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Author Topic: Which Pagan religions are NOT nature-earth based?  (Read 19243 times)
Grymdycche
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« Topic Start: May 01, 2008, 12:43:14 pm »

Just a quick question:  I've read that most  Pagan religions are Earth-centered or nature worshiping, but that begs the question (so to speak) - which ones aren't?   I was also wondering if maybe it's not always a cut and dried kind of delineation to make, as few things in reality are simply black and white.

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« Reply #1: May 01, 2008, 12:50:42 pm »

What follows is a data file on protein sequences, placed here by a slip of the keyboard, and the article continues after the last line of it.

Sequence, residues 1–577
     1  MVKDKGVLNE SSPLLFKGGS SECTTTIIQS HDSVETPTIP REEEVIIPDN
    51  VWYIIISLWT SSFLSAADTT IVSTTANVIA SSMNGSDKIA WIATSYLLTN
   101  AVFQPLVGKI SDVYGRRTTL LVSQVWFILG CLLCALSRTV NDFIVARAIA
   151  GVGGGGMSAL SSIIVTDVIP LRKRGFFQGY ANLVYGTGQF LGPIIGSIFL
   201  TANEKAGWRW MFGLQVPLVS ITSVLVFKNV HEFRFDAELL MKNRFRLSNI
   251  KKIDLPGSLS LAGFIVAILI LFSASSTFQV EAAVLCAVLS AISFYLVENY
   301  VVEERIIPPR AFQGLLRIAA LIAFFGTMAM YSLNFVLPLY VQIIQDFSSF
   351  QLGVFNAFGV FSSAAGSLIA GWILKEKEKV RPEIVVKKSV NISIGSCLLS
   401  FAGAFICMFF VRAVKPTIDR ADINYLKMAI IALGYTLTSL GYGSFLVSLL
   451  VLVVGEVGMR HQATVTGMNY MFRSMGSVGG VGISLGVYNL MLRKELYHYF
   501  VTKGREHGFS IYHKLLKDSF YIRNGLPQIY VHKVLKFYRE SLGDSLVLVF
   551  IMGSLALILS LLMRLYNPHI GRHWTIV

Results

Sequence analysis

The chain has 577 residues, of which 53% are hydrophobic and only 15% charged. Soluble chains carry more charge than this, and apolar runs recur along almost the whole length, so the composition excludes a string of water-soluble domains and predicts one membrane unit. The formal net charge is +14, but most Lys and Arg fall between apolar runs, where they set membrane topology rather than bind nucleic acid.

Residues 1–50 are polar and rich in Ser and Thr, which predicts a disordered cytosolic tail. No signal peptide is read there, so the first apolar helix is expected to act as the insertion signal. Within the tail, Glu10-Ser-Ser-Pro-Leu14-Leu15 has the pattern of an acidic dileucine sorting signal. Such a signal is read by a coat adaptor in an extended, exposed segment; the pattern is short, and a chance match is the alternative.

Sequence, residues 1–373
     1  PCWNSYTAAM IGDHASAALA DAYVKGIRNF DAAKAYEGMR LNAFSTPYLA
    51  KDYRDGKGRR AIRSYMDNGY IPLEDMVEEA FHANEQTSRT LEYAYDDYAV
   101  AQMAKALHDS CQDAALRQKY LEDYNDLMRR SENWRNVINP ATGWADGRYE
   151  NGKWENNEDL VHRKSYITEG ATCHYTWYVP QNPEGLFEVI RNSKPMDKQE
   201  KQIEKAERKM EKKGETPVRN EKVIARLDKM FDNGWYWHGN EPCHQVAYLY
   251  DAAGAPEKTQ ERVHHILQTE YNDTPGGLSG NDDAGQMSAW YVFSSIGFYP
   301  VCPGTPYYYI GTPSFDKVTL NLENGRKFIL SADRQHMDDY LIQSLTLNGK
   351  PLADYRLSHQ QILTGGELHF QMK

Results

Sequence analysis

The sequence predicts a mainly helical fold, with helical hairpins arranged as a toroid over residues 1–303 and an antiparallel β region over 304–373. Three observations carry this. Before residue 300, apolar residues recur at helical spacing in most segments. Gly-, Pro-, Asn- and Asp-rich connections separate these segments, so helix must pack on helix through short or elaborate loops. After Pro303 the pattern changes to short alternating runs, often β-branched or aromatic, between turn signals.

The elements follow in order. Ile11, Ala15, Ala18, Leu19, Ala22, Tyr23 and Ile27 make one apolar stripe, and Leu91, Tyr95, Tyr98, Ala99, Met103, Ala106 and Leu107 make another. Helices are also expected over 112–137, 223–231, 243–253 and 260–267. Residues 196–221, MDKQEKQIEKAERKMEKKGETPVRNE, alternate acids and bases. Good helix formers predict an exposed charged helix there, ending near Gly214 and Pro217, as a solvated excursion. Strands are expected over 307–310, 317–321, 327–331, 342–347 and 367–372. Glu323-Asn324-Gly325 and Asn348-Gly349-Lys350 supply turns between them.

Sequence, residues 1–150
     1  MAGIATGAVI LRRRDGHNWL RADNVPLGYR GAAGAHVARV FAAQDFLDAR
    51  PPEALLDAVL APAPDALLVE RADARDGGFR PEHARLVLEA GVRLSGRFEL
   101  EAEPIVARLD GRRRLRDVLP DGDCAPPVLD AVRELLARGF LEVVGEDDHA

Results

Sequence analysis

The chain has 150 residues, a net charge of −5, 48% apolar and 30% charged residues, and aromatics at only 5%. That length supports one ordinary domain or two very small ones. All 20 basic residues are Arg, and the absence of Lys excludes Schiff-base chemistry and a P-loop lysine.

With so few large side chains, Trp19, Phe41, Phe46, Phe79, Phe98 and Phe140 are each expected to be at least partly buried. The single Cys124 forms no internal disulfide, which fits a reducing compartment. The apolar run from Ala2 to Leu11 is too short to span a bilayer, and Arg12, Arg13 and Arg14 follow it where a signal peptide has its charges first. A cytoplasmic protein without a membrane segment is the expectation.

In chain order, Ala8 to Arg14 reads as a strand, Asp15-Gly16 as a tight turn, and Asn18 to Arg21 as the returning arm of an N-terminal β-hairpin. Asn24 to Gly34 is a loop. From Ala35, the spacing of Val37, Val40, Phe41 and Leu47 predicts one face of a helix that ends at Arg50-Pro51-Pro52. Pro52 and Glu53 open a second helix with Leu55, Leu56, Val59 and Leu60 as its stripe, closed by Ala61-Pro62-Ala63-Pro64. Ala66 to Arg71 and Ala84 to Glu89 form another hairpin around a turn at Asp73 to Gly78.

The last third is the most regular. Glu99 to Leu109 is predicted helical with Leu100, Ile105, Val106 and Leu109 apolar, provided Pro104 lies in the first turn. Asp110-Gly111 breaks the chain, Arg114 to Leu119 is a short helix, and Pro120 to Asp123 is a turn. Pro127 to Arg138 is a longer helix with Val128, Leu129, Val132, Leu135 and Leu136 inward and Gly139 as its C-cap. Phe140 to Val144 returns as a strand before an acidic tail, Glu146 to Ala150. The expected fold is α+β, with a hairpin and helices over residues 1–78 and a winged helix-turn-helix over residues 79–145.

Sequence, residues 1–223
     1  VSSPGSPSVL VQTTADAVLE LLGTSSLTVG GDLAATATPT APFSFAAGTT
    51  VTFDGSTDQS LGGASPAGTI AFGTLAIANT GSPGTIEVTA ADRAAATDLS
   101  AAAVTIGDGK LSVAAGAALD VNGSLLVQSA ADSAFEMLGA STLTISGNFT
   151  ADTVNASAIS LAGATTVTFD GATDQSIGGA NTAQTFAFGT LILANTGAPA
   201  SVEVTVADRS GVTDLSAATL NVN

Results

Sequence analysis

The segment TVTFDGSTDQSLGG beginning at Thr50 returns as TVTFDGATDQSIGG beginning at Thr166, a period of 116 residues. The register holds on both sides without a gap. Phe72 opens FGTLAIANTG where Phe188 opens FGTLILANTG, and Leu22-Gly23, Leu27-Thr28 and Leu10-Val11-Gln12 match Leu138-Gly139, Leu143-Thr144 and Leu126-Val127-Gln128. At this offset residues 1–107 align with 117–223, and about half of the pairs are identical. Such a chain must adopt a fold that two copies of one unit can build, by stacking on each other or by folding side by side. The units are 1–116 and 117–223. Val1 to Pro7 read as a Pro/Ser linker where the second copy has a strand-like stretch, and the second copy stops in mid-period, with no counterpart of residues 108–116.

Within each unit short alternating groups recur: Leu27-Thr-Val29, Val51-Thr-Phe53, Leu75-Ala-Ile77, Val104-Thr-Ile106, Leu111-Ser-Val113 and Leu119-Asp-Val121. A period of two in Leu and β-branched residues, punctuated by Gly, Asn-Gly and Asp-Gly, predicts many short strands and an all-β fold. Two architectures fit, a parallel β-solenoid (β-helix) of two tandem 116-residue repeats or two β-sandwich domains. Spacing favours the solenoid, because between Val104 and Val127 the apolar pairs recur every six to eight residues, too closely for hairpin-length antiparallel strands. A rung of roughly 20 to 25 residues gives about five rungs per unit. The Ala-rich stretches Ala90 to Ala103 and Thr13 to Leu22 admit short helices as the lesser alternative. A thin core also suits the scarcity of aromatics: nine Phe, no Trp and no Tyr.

Just a quick question:  I've read that most  Pagan religions are Earth-centered or nature worshiping, but that begs the question (so to speak) - which ones aren't?   I was also wondering if maybe it's not always a cut and dried kind of delineation to make, as few things in reality are simply black and white.

Most (if not all) of the Reconstructionist religions and probably the various "reform" branches of same would fall into the "not-Earth-centered" category, for starters.
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« Reply #2: May 01, 2008, 12:54:12 pm »

Just a quick question:  I've read that most  Pagan religions are Earth-centered or nature worshiping, but that begs the question (so to speak) - which ones aren't?   I was also wondering if maybe it's not always a cut and dried kind of delineation to make, as few things in reality are simply black and white.



In my opinion MOST pagan religions are NOT earth-centered.  If you are just going by a list - since while Wicca encompasses a lot of people, it is not on the list separately for each person...